Cerridwen Welsh A goddess of education & healing
Cerridwen Welsh/Scotland Moon Goddess, Grain Goddess. Welsh Bards called themselves Cerddorion (sons of Cerridwen). Welsh/Scotland
Cessair Ireland The first ruler of Ireland and a well known pre-Celtic Mother Goddess figure much like Dana. Ireland
Cethlion Ireland Goddess of the sea and the Formorians. Was called "crooked teeth. Ireland
Ceto Greek A hideous aquatic monster, a daughter of Gaia and Pontus. She was the personification of the dangers of the sea, unknown terrors and bizarre creatures. Eventually, the word "ceto" became simple shorthand for any sea monster. Greek
Ceyon Tamil God of hills. Tamil
Ceyx Greek Lord of Trachis, was connected by friendship with Heracles. He was the father of Hippasus, who fell in battle fighting as the ally of Heracles. Greek
Charopus Greek Or Charops, bright-eyed or joyful-looking, a surname of Heracles, under which he had a statue near mount Laphystion on the spot where he was believed to have brought forth Cerberus from the lower world. Greek
Cheiron Greek The wisest and justest of all the centaurs. He was the instructor of Achilles, whose father Peleus was a friend and relative of Cheiron, and received at his wedding with Thetis the heavy lance which was subsequently used by Achilles. Greek
Chu jung China God of fire and the celestial executioner China
Cirein Croin Caithness A sea-serpent and the largest animal in the world. Celtic. Caithness
Cliodna Ireland/Scotland Sea and Otherworld Goddess who usually took the form of a sea bird and therefore symbolized the Celtic afterlife. Ireland/Scotland
Cluricaun Greek A Leprechaun who raids wine cellars and tortures sheep and dogs by riding them like horses.
Cocidius Britain A major cult centre of this Hunter god in Britain was at Bewcastle in Cumbria, known in Roman times as Fanum Cocidi or 'The Temple of Cocidius'.
Cock of Heaven Crow Mahomet found in the first heaven a cock of such enormous size that its crest touched the second heaven. The crowing of this celestial bird arouses every living creature from sleep except man. The Moslem doctors say that Allah lends a willing ear to him who reads the Koran, to him who prays for pardon, and to the cock whose chant is divine melody. When this cock ceases to crow, the day of judgment will be at hand.
Coinchend Celtic A semi-divine warrioress whose home was in the Otherworld. Celtic
Conchenn Celtic Goddess of love. Celtic
Cotys Phrygian A Thracian divinity, whose festival resembled that of the Phrygian Cybele, and was celebrated on hills with riotous proceedings.
Coventina Celtic A goddess of healing & wells
Coventina Celtic One of the most potent of the Celtic river Goddesses. Most likely Roman in origin. She was also the Goddess of featherless flying creatures.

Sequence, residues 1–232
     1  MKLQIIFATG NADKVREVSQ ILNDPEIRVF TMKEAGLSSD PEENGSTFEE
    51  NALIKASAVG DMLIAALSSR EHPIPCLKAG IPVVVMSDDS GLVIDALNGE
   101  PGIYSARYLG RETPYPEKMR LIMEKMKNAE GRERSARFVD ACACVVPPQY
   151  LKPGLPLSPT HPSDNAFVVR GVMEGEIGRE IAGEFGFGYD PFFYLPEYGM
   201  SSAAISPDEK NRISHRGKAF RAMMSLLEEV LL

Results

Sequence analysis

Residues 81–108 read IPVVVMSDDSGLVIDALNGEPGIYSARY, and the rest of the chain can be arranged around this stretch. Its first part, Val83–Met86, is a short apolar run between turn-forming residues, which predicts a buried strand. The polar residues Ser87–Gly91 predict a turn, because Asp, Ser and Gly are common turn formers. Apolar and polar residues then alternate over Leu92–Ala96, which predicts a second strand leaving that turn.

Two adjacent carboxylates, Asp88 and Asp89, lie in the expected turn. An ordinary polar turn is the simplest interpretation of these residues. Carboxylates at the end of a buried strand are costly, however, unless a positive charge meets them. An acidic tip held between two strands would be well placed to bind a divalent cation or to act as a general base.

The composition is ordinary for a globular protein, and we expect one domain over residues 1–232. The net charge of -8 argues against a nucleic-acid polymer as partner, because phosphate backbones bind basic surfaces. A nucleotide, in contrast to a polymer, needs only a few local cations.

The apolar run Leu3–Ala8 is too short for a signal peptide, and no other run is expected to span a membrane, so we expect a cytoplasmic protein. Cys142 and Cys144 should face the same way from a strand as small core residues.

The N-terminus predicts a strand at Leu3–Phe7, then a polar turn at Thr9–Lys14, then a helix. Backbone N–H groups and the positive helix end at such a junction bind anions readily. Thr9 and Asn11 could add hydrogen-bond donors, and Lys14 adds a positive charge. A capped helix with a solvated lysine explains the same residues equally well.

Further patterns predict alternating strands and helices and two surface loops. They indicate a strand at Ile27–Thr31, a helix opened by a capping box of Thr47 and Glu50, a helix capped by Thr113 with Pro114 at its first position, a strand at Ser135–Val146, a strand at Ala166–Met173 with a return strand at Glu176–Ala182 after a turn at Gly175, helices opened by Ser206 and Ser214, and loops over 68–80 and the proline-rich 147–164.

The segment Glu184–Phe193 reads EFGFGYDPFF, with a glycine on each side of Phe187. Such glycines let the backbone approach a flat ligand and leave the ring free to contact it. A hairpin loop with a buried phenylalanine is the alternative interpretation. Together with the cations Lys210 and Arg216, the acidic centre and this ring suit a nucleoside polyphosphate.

Coventina Scotland One of the most potent of the Celtic river gods
Creidhne Celtic A god Metal working
Cronos Celtic Minor harvest & Sun god with Greek roots
Cu Chulain Celtic God of warriors and chivalry. Celtic
Cychreus or Cenchereus Greek A son of Poseidon and Salamis, became king of the island of Salamis, which was called after him Cychreia, and which he delivered from a dragon. Greek
Cyparissus Greek A youth of Cea, a son of Telephus, was beloved by Apollo and Zephyrus or Silvanus. When he had inadvertently killed his favourite stag, he was seized with immoderate grief, and metamorphosed into a cypress. Greek
Cythereia Greek Or Cythera, Cytherias, different forms of a surname of Aphrodite, derived from the town of Cythera in Crete, or from the island of Cythera, where the goddess was said to have first landed, and where she had a celebrated temple. Greek
Dana Ireland/Welsh Goddess, ancestor of mortal celtic people. Ireland/Welsh
Dana/ Donu/ Don/ Ana Welsh/ Irish The mortal Celtic race are her descendants, she is a goddess
Deion Greek A son of Aeolus and Enarete, was king in Phocis and husband of Diomede, by whom he became the father of Asteropeia, Aenetus, Actor, Phylacus, and Cephalus. After the death of his brother, Salmoneus, he took his daughter Tyro into his house, and gave her in marriage to Cretheus. His name occurs also in the form Deioneus. Greek
Demo Greek A name of Demeter. It also occurs as a proper name of other mythical beings, such as the Cumaean Sibyl and a daughter of Celeus and Metaneira, who, together with her sisters, kindly received Demeter at the well Callichoros in Attica. Greek
Demophon Greek The youngest son of Celeus and Metaneira, who was entrusted to the care of Demeter. He grew up under her without any human food, being fed by the goddess with her own milk, and ambrosia. During the night she used to place him in fire to secure to him eternal youth ; but once she was observed by Metaneira, who disturbed, the goddess by her cries, and the child Demophon was consumed by the flames. Greek
Deputy Angels Jewish Certain angels who, in Jewish lore and magic, act as spirit servants. Jewish scholar Eleazar of Worms declared them to be entirely good.
Devas aka daeva Hindu A type of celestial being that appears in both Persian mythology and Hinduism. Named after a Sanskrit word meaning "god," the deva emerged in Hindu teachings as a spiritual being, serving the supreme beings.